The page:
Do You Intimidate Your Boss?

Do You Intimidate Your Boss? If everyone was actually as kind, considerate, and mature as they’re supposed to be at work, I wouldn’t need to write this nor you read it. However, that’s no more true at work than in life. So you may find yourself in the uncomfortable position of suspecting you intimidate your boss, however inadvertently. What does intimidate mean? I’m not of course talking about physical threats or even verbal. These are matters for the police or union/lawyer responses and outside of the scope of this blog. No, I’m talking about something more subtle. It is a vague feeling, suspected but never spoken of (and therefore a poster child for an undercurrent), that your boss doesn’t like you for reasons that are obscure to you. The result is that you don’t get the praise, plum assignment, exposure to senior managers or membership in your boss’ in-group (I have some other posts on in-groups). Even though your work is excellent, you feel stuck in a corner, ignored. You are beginning to suspect that not only does your boss not like you, you might intimidate him. Can you threaten your boss without meaning to? Of course. There are any…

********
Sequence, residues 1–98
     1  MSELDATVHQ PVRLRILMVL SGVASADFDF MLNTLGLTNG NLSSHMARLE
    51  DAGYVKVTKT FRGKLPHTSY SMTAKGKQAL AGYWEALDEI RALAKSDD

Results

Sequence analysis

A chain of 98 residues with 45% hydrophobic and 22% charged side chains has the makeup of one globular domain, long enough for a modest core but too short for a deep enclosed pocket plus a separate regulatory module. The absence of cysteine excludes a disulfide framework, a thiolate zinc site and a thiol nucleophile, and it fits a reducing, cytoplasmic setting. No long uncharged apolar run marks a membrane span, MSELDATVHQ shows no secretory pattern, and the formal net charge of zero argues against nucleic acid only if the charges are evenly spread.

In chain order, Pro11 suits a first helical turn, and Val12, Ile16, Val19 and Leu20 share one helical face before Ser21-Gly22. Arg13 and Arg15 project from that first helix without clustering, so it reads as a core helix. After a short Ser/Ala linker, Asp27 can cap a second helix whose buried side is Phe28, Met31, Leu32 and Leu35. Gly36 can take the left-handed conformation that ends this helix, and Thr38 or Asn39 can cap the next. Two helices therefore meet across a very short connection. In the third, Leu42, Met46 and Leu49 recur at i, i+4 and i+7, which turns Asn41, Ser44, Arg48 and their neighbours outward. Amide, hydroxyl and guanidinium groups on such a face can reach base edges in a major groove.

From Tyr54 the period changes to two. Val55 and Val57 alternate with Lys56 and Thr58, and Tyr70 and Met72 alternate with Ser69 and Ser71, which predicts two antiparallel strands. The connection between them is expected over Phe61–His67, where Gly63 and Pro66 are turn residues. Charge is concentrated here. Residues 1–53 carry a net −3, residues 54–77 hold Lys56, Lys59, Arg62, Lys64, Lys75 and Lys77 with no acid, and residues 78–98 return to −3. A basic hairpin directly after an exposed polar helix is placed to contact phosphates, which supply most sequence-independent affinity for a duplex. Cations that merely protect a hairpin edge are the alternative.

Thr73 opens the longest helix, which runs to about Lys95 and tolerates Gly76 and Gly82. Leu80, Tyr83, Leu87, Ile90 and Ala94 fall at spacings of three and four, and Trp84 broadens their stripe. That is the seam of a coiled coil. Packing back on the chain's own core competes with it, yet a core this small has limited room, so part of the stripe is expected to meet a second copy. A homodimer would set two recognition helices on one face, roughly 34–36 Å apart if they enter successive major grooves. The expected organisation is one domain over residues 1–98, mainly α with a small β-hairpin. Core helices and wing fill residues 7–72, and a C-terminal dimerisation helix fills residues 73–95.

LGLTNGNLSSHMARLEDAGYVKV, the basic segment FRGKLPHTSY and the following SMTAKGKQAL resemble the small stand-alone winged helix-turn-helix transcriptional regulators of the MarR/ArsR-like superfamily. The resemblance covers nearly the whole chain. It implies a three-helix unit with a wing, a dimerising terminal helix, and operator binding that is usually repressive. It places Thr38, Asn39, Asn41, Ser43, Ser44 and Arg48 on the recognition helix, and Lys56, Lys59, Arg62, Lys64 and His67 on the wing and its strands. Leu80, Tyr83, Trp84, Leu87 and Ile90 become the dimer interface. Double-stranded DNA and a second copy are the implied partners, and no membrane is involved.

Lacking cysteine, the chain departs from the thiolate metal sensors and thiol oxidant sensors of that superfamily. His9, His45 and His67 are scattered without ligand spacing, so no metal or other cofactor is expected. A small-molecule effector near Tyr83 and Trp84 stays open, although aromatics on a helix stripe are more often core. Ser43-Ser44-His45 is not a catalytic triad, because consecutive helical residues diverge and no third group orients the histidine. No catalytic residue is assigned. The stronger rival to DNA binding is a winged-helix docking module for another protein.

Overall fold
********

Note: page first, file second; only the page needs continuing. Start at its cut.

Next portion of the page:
Benefiting from Being In the Posse
Power for Employees / February 1, 2021

 Benefiting from Being In the Posse So you’re in the posse, the chosen in-group. You’re invited to the TGIFs and the bull session isn’t complete without you. Congratulations. However, a seat at the table is not enough. If all you do is laugh at their jokes and nod vigorously, you’ll gradually but surely slip out of the in-group. To stay in, you need a presence. How? This post will discuss what you need and how you to fake it until you feel confident. Good interventions When first included, you may not know the topic or perspective needed. Do some homework. Zero in on where to make an effective intervention. Being for or against what the rest of the posse are for/against is not usually enough. Make substantive points. Fit them in as appropriate but don’t cram. Even one effective intervention will add credibility. Don’t talk off the top of your head. Prepare to impress. Make the point with the posse quickly Often in-groupers have good points but don’t say them effectively and quickly. They give the impression of thinking out loud. Don’t assume you can. You’re untested and the in-group posse won’t sit through your musings. Practice the effective and…

Is It Worth Being an Insider?
Power for Employees / January 25, 2021